Oh dear. Oh dear, oh dear, oh dear.

Poor United Airlines. How distressing for them.

What should the airline have done? Get some advice, for one thing. Don’t leave it to lawyers to sanction language when dealing with a global emotional reaction to your business’s actions.

First up, apologise. Then demonstrate you understand how distressing it was for everyone and empathise with those affected (not just your staff). Bring some objectivity to play: rationalise the next steps and explain what’s going to be done to fix the problem. Finally, personalise the response. Stand up and be counted. Take it on the chin and – cliché of all clichés – lead from the front.

“We deeply regret the actions on board flight UA 3411 yesterday and wish to apologise unreservedly to the affected passengers (apologise). It is not the standard we hold ourselves to, not how we want or expect our staff to behave, and not the way we wish to treat our customers who clearly found it distressing (empathise). We have launched an investigation to better understand what took place and how we can ensure we never treat our valued customers in that manner ever again (rationalise). I will personally lead this investigation and will be speaking with those affected passengers and the staff involved (personalise).”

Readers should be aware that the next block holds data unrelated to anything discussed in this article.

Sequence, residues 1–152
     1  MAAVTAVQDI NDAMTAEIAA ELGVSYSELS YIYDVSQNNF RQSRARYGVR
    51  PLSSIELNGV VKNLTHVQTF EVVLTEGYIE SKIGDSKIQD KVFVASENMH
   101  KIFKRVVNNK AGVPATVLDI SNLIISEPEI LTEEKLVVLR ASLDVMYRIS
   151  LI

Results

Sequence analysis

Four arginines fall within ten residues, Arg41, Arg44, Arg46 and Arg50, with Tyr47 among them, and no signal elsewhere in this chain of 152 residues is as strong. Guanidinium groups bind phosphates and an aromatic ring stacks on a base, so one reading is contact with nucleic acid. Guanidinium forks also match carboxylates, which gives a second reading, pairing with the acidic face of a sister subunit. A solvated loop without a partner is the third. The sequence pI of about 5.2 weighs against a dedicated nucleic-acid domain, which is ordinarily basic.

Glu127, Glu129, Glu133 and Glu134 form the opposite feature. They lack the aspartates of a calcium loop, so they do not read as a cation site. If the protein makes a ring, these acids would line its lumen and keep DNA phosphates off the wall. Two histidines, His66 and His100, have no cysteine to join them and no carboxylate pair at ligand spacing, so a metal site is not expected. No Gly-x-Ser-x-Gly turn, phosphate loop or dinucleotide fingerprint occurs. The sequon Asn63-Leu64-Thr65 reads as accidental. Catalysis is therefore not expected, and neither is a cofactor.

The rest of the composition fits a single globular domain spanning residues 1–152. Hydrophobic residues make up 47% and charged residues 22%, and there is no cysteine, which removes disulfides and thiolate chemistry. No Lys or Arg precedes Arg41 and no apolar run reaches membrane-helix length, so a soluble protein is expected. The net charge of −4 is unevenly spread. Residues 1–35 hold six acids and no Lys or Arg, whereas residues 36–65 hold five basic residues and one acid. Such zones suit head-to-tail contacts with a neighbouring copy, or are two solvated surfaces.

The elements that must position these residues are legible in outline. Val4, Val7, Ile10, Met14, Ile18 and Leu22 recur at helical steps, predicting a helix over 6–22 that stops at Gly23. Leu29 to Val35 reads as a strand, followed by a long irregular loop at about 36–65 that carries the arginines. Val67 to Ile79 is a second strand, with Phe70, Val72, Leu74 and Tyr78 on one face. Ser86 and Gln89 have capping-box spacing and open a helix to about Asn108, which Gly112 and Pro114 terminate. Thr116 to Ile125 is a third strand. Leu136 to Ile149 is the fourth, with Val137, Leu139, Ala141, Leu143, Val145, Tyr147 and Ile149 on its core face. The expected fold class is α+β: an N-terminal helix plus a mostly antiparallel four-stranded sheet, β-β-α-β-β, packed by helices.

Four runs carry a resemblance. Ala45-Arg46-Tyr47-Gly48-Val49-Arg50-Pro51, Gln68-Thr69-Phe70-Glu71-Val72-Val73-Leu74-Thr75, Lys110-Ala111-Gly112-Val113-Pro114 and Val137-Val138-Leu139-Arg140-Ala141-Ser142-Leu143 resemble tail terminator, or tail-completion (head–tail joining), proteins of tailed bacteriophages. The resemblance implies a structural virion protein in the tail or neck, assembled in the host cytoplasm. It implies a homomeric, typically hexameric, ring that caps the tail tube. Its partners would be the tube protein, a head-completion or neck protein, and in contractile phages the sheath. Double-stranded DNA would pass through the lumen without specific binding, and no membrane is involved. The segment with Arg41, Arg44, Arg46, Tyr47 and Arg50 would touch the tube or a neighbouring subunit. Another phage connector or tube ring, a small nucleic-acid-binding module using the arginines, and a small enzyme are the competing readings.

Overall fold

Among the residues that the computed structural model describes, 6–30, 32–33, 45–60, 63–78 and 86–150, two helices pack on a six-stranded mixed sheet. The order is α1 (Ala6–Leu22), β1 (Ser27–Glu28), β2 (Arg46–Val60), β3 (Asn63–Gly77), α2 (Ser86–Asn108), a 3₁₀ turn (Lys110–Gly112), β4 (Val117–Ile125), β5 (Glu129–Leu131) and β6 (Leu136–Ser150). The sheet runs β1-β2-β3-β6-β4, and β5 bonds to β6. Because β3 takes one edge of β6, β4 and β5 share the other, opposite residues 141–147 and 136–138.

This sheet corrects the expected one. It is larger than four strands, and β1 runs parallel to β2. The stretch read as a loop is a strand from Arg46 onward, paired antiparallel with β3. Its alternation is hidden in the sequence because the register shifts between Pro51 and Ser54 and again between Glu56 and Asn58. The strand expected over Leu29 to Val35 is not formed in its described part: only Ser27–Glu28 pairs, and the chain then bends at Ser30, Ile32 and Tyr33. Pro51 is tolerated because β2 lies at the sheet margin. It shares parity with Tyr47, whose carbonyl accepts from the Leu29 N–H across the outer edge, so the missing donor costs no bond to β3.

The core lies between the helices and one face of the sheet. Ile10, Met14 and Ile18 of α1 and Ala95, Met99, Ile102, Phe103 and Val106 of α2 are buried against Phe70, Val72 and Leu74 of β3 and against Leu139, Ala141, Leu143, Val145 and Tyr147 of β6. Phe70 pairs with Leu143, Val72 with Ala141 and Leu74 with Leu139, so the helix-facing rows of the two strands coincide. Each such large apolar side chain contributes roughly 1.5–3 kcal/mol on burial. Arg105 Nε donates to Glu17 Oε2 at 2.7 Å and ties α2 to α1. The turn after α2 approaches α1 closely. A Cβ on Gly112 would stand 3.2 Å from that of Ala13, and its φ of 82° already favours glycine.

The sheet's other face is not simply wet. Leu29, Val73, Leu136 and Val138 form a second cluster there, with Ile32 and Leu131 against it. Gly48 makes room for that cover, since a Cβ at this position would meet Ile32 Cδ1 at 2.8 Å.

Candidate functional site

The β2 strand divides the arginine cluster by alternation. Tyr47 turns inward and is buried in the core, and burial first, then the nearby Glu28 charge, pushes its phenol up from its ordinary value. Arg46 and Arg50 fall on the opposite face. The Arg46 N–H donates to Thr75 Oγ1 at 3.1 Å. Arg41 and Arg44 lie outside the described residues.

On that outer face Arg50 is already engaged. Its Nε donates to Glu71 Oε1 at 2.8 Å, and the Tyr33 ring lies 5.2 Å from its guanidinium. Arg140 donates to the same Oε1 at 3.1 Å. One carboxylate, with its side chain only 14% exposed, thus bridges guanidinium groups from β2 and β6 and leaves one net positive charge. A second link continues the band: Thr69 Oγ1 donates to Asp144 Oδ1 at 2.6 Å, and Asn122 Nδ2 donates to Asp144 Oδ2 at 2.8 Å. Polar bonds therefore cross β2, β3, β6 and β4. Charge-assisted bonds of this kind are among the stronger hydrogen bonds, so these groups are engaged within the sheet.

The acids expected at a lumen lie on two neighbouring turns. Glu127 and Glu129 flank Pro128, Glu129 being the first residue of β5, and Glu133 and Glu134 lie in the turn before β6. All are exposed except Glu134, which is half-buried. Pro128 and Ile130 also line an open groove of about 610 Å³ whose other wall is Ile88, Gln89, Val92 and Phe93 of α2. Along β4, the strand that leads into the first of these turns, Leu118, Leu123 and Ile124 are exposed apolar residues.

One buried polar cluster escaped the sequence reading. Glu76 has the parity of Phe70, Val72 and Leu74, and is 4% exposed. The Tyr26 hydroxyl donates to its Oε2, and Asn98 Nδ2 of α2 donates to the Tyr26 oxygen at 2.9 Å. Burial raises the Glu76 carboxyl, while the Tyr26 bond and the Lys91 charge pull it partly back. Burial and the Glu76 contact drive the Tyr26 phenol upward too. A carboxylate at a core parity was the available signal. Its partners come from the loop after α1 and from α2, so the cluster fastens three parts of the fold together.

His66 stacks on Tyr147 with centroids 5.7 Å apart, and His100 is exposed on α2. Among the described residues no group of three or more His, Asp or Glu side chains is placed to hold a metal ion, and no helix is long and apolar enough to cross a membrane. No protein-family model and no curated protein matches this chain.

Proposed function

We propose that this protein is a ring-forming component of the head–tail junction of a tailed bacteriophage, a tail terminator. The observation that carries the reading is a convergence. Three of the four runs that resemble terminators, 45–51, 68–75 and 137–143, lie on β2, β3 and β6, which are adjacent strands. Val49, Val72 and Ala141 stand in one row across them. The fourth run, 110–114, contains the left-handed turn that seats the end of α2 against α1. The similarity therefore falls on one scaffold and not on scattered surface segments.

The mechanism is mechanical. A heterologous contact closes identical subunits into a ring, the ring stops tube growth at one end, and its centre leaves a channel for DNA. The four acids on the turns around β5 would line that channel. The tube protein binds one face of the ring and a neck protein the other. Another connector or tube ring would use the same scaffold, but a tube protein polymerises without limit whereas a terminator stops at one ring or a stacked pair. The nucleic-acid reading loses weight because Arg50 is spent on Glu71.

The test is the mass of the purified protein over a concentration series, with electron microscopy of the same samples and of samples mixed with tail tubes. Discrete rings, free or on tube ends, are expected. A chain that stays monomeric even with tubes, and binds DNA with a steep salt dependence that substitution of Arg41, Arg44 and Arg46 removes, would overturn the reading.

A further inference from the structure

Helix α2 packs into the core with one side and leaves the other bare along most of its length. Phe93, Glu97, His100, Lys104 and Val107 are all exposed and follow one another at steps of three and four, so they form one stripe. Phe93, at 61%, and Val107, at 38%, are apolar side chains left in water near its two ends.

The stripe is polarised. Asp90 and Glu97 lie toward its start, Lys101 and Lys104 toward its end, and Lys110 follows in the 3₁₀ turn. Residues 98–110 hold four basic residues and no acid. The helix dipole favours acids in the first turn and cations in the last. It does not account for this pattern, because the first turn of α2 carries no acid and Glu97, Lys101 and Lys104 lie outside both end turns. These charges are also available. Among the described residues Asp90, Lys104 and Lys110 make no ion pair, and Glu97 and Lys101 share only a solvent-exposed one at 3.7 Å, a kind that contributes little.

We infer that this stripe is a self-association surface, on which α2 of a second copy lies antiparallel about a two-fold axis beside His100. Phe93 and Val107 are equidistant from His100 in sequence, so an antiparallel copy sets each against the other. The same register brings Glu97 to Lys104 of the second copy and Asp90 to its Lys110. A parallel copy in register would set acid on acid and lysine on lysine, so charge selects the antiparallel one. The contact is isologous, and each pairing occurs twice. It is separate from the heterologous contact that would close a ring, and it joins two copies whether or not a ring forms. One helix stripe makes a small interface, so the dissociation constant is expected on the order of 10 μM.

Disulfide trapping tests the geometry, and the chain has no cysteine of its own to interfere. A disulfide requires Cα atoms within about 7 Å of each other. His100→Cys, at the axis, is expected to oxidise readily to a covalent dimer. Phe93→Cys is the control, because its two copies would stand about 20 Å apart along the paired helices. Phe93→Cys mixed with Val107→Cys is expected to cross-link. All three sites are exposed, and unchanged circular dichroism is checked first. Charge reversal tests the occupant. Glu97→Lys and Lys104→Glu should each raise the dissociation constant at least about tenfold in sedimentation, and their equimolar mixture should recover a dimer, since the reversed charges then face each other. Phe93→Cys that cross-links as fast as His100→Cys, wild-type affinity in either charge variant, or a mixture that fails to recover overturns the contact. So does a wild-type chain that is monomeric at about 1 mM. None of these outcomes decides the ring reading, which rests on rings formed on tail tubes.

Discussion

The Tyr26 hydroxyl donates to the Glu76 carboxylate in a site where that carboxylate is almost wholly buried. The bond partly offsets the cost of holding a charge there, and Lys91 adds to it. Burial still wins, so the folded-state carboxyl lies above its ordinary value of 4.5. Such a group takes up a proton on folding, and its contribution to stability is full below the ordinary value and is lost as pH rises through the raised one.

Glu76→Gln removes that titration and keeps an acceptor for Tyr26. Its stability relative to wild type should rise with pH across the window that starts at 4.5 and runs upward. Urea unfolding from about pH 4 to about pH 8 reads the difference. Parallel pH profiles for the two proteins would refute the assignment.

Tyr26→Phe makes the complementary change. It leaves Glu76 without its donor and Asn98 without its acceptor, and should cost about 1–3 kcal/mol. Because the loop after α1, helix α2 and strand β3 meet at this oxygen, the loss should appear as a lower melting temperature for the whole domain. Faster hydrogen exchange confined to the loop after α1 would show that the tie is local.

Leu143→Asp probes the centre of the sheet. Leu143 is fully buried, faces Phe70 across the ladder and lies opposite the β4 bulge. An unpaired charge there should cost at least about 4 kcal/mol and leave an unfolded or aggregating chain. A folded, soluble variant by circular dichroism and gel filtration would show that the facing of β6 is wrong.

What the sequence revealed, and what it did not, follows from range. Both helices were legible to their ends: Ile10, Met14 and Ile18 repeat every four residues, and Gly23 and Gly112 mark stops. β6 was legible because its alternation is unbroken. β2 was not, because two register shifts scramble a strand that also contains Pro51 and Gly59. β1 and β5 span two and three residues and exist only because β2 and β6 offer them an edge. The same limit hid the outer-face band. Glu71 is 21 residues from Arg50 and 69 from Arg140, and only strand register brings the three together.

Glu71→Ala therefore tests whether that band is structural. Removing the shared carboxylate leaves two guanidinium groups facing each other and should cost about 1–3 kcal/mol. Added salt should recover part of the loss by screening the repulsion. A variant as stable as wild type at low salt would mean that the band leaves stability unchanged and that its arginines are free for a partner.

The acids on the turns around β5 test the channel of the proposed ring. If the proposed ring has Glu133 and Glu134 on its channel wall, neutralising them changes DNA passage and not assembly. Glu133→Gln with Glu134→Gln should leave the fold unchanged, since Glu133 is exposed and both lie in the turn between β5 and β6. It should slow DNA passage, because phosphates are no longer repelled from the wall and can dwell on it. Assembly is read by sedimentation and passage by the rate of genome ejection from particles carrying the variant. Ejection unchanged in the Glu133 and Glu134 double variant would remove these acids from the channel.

But, and here’s the tricky bit. Legally, if the captain declares a passenger must leave the plane, then they must. It’s the law. Herein lies the standoff. Passenger is asked to leave. Passenger refuses. What should the airline do? It has a planeload of people who want to get to Louisville. It’s already late. It’s going to get fined. It needs to get the plane in the air so the rest of its schedule remains on track.

The passenger may have been ‘difficult and belligerent” as Munoz said. But none of that matters when millions of people around the world are watching a customer being manhandled down the jetway. Pictures and video instantly tell a story that legalities and airline operating procedure simply can’t. Showing him, blood dripping down his face – clearly in shock – mumbling and repeating his desire ‘to go home’.

And the longer the story is kept alive through sharing on social channels, the more details come out. That United was trying to make room for crew, not other paying passengers. That the whole plane was forced to disembark so the blood could be cleaned up. That offloading of overbooked passengers is supposed to happen at the gate, anyway, not on board.

Oh dear. Oh dear, oh dear, oh dear.

United Airlines used to be a brand and business that was respected and valued because of the service it provided. It looked after people. It showed them the world.

Now, it’s a new world they’re showing us and it’s not one we like.

Perhaps it could learn a thing or two from Pepsi. (There’s a sentence I thought I’d never write again.)

Look how Pepsi responded to its recent advertising disaster. It apologised. The company put up its metaphorical hands and said: ‘we got it wrong’. It acted quickly, pulled the advert and ate a major slice of humble pie.

What now, United?